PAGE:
July 23. 2024. 1:55

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Ukraine’s agriculture and food production not shielded from war, warns agribusiness chief

The question of how to support the Ukrainian agrifood sector amid Russia’s war remains unanswered after last week’s Ukraine Recovery Conference, the president of the Ukrainian Agribusiness Club (UCAB) told Euractiv in an interview.

While the situation with the Ukrainian agrifood sector is becoming “more promising,” UCAB’s president, Alex Lissitsa, said the country needs to create a more effective business ecosystem and increase human capital to ensure food production.

Apart from Ukrainian companies, UCAB members also include international companies, including major ones like Danone, Pepsico, and Bayer.

International leaders – such as European Commission President Ursula von der Leyen, Ukraine’s President Volodymyr Zelenskyy, and German Chancellor Olaf Scholz – and business representatives met in Berlin on 11-12 June to discuss how to support Kyiv’s recovery and reconstruction.

While agriculture was a topic of discussion, Lissitsa said the question of how to attract private investment in agriculture during the war “was not answered”.

Ukraine’s agrifood sector has faced many challenges since the Russian invasion began in 2022, including the destruction of farms and agricultural equipment, increased production costs, labour shortages, and landmine contamination.

A study by the Kyiv School of Economics and the World Bank found that damages and losses to the Ukrainian agriculture sector from the start of the war amounted to around €75 billion.

Total reconstruction and recovery needs over the next 10 years are estimated at €52 billion.

Lissitsa said agrifood businesses were struggling to provide the necessary guarantees to access financial instruments.

“Most agriculture companies in Ukraine have lost their assets – or [they] are worth nothing.”

According to him, the current requirements for loans and other financial tools make it even more difficult for small and medium-sized companies to finance their operations.

Labour shortage

A recent report by the humanitarian charity Mercy Corps found that a shortage of labour, along with unreliable electricity, was one of the main problems facing small farms in Ukraine.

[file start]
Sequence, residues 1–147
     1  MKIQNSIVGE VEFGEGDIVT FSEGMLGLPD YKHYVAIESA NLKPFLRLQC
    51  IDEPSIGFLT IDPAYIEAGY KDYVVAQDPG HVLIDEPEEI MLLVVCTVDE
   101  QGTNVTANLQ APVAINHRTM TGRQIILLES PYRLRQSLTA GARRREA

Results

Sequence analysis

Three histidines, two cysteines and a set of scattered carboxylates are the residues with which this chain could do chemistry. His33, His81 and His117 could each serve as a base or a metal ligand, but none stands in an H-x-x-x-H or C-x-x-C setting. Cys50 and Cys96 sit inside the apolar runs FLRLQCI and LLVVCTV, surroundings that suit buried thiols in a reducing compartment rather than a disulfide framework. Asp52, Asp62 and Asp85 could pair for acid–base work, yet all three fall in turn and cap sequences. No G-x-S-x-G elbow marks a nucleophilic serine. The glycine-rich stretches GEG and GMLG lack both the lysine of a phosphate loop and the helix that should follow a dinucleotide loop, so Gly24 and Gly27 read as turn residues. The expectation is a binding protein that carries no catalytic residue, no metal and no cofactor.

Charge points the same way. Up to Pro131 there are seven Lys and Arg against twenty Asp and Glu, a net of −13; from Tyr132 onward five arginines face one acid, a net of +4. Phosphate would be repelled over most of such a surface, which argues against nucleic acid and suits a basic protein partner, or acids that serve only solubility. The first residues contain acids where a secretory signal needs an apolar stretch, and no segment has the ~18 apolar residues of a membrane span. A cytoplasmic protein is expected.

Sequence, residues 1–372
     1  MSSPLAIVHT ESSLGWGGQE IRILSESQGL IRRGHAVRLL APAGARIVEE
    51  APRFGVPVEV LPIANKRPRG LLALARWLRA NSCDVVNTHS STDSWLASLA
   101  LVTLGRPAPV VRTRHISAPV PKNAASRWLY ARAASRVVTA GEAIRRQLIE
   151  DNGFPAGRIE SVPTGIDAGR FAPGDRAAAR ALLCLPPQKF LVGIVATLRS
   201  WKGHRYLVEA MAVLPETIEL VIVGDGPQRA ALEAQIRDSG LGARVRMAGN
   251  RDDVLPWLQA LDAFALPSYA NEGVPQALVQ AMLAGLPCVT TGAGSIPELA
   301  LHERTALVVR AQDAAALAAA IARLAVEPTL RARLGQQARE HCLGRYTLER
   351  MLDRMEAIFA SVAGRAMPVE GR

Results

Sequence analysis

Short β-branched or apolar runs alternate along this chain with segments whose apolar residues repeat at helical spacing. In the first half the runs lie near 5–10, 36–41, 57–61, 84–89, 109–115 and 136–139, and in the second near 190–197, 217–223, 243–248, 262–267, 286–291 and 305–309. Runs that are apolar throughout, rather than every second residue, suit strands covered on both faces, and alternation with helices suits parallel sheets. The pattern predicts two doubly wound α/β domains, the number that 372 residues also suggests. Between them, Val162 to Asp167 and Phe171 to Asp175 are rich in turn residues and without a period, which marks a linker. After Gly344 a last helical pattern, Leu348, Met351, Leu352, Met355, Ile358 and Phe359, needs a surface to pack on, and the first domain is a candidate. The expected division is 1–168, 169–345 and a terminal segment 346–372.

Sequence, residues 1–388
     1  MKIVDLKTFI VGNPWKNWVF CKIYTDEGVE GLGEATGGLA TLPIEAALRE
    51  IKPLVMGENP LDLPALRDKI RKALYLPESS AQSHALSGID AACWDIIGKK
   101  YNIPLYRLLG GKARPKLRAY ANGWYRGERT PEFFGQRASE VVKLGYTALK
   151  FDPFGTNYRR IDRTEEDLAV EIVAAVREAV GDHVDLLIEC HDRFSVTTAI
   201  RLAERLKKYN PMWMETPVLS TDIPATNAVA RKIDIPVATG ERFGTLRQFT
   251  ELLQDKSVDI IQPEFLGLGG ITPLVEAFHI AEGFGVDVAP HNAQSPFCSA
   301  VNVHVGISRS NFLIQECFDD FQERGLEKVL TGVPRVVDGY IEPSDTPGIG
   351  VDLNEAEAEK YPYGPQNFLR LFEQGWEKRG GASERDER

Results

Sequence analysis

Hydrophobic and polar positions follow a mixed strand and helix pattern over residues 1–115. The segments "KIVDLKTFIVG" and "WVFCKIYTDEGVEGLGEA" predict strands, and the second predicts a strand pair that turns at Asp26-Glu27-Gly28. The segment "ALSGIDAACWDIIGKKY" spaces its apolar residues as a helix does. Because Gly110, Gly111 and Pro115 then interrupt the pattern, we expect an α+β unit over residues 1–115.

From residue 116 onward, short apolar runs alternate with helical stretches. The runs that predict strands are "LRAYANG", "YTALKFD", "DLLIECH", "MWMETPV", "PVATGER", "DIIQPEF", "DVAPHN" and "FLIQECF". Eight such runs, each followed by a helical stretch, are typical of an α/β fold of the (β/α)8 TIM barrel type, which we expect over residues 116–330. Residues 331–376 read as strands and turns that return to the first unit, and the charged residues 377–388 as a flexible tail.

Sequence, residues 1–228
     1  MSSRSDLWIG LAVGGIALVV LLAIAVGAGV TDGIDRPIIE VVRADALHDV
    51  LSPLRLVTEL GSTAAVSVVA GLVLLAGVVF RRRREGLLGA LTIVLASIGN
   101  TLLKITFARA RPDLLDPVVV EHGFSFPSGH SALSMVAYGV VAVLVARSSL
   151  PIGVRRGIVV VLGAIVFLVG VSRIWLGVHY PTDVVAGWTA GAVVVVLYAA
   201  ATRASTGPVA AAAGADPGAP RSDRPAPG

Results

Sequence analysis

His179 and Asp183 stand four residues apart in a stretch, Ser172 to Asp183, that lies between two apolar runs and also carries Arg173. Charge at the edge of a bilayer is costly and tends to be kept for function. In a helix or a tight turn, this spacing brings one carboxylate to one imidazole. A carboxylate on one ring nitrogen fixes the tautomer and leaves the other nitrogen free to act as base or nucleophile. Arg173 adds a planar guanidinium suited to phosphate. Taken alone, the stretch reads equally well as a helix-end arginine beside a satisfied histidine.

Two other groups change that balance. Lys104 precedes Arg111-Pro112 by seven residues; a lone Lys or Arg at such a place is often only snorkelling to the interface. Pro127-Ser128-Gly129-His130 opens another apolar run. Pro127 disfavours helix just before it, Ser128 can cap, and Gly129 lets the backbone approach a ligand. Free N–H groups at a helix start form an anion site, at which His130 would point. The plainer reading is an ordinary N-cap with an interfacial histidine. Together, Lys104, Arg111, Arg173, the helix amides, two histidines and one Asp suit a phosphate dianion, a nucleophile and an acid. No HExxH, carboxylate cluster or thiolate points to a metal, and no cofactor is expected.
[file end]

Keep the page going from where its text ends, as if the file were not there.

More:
Lissitsa pointed to a “huge deficit” of human capital, especially in rural areas, and said it was more difficult for workers in smaller farms to be exempted from being sent to the front.

Last year, Ukraine introduced a law exempting workers in “critical industries” – including agriculture – from mobilisation, but the exemption did not apply to everyone employed in farming.

Initially, only farms with more than 1,000 hectares and employing at least 50 people were exempted. The law was later amended to include farms between 500 and 1,000 hectares and with at least 20 employees.

Eyes on exports

Despite the challenges ahead, Lissitsa said Ukraine’s agrifood sector is becoming more attractive thanks to the normalisation of export routes.

Last year, Russia’s unilateral withdrawal from the UN-brokered deal to ensure food trade routes in the Black Sea last year shook Kyiv’s exports.

But Ukraine’s renewed control of the Black Sea and new insurance coverage schemes have enabled Kyiv to resume shipping.

Earlier this year, the country’s exports through the Black Sea corridor surpassed the levels achieved under the UN initiative, according to the European Parliament’s research service.

“We [now] have the opportunity to export via the Odesa port – the largest in the Black Sea – [which] means that the logistics costs are not as high as last year,” said Lissitsa.

Land routes through EU member states also offer a more positive picture today, after protests on Ukraine’s border with Poland over trade liberalisation ended in April.

However, Ukrainian agrifood companies remain wary.

Lissitsa said that, while cargoes can now cross the Polish border “without any problem”, businesses feel they cannot take this for granted and would rather choose export routes.

In his view, countries such as Hungary and Romania “are more predictable” in the long term.

Read more with Euractiv

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